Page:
Technology can feel intimidating for seniors. The pace of change is faster than it has ever been, and adjusting to new smartphones, computers, apps, and even your car’s dashboard can make it feel difficult to remain confident and in control of the technology around you.
But avoiding it altogether isn’t an option, or one that means missing out on the convenience and connectivity technology offers. It can offer better ways to stay in touch with kids and grandkids or ways to self-monitor health and exercise.
For those who feel like technology has a lot to offer, but they’re intimidated by the growth and pace of change of technology, these technology usage tips for seniors can provide some direction.
#1 Stay Skeptical Online
Older adults are disproportionately affected by online fraud compared to younger demographics. Fraudsters target senior citizens because they are less cyber-literate and are considered quicker to trust online than those who grew up with the internet.
They use a variety of different tactics to target seniors and convince them to send money, banking information, sensitive information like passwords, or even signatures on fraudulent documents. Always be skeptical before providing any information online. On a website, check the URL bar for an icon like a padlock that will tell you the website is encrypted and safe to enter information. Never share credit card or banking information over email – it’s insecure and no reputable companies or government agencies use email to collect such sensitive data.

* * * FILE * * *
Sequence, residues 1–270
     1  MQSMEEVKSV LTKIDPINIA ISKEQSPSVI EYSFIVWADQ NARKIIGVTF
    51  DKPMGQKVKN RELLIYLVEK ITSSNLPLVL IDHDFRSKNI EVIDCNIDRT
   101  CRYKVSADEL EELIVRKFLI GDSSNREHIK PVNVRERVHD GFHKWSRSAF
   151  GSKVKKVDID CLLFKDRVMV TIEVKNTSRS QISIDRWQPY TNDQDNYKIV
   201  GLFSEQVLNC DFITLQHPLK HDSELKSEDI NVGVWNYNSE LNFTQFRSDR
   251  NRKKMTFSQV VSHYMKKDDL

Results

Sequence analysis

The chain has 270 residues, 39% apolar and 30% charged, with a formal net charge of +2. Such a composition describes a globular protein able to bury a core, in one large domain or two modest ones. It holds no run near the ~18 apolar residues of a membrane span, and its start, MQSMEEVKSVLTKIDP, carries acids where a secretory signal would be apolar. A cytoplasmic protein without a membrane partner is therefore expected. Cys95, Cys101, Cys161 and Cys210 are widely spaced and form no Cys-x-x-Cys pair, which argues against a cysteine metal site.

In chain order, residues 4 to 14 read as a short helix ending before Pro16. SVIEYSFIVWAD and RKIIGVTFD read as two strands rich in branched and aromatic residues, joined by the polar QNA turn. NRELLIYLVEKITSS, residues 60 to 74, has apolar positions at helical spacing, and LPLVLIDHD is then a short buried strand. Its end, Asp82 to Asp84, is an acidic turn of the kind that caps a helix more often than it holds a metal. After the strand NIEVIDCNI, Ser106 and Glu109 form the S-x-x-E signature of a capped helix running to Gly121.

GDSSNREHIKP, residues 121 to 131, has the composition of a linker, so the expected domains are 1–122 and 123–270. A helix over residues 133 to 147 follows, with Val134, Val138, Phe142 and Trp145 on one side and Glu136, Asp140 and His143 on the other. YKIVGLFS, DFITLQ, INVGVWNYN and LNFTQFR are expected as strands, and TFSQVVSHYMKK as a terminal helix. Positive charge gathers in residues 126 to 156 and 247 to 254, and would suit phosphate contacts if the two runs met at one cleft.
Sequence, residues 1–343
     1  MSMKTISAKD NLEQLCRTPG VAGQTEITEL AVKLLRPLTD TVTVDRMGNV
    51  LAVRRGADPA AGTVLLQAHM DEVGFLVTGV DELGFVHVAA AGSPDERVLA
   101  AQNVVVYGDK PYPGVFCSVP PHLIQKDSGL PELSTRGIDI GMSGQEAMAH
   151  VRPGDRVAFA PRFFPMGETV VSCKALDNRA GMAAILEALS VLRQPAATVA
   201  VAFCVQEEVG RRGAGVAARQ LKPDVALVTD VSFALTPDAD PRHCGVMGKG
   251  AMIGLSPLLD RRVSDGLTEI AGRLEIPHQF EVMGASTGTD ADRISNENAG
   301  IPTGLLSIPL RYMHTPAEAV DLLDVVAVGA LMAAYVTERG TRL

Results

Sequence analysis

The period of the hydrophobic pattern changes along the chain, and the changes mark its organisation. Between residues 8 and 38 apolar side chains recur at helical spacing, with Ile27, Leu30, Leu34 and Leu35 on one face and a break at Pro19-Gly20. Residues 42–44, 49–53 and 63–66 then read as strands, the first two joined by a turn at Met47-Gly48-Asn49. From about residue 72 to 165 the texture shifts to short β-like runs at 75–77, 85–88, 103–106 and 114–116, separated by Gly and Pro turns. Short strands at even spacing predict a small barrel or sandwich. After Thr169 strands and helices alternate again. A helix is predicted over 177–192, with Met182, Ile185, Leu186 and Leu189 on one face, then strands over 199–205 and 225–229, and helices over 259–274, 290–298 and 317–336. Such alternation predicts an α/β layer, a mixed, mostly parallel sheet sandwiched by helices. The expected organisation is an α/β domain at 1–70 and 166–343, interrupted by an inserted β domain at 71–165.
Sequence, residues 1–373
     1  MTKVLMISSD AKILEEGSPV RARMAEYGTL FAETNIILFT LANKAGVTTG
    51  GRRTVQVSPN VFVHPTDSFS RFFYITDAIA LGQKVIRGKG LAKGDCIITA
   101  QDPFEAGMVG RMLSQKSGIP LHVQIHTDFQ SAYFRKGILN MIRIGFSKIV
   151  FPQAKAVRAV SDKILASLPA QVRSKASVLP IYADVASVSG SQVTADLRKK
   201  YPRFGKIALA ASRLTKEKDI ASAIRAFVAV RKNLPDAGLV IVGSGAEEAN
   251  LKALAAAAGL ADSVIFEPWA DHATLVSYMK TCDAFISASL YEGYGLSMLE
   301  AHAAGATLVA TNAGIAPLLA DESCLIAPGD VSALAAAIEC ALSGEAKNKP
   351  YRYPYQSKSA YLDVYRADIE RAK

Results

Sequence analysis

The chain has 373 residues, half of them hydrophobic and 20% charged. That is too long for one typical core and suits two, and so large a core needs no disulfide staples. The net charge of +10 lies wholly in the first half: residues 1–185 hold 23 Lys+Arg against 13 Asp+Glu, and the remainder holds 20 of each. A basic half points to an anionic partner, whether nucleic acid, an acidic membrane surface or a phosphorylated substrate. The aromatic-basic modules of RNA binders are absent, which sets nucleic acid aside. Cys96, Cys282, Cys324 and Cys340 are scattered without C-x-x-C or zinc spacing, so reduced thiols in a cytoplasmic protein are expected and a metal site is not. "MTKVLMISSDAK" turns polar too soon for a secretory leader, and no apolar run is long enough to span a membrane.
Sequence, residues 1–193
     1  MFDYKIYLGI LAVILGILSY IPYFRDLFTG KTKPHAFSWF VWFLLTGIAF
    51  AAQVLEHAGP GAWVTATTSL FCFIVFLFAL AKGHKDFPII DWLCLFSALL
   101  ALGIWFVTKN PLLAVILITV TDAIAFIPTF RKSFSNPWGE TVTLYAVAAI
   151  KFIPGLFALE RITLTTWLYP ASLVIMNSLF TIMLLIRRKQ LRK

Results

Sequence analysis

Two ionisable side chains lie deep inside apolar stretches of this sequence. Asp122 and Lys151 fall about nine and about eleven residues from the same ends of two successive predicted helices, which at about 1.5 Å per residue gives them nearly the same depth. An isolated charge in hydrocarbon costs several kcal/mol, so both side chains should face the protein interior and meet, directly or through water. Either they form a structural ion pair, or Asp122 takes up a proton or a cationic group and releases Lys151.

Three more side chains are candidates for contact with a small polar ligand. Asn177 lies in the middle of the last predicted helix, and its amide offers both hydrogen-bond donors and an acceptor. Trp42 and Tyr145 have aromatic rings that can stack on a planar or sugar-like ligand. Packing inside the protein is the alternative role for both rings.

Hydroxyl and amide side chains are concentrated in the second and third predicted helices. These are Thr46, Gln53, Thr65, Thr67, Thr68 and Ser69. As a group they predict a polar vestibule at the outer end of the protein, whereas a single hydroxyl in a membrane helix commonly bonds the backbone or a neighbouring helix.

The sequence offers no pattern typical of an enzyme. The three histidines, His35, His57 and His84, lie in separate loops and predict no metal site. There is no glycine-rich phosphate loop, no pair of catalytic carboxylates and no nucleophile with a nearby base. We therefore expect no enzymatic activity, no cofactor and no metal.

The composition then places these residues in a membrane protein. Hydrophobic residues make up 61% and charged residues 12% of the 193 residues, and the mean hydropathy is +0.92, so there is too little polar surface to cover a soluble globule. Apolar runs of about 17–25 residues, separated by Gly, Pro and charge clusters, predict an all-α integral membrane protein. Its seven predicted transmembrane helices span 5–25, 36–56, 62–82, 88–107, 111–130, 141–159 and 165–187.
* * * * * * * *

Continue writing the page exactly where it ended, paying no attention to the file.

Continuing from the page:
Some email providers are getting better at identifying potential scams, and may provide warnings when they detect language used in “phishing scams” – scams where cybercriminals convince you to provide information willingly.
#2 Skype and FaceTime Help You Connect with Grandkids
If your family lives overseas or across the country, you may not see them nearly as often as you would like to. Technology can make it easier for them to get in touch with you. There are a few apps you can use from either a computer or a smartphone to stay in touch without paying huge long-distance fees – and that your grandkids will be more likely to use. Apps like Skype are easy to set up and free to use.
#3 Use Health Apps
There are hundreds of health apps you can install on your smartphone for a variety of purposes. There are apps that can help you locate medical professionals and specialists in your area, manage and book medical appointments, manage your medication reminders, and track your fitness goals. There are apps that help you eat healthier, help you sleep better, and that can help you train your brain in ways that are proven to help prevent cognitive decline.
Technology doesn’t have to be intimidating or dangerous. There are plenty of great ways technology can help you stay connected with family and friends, help with managing your health, and more. Stay vigilant about cyber-security and find the apps and technology that are right for you.
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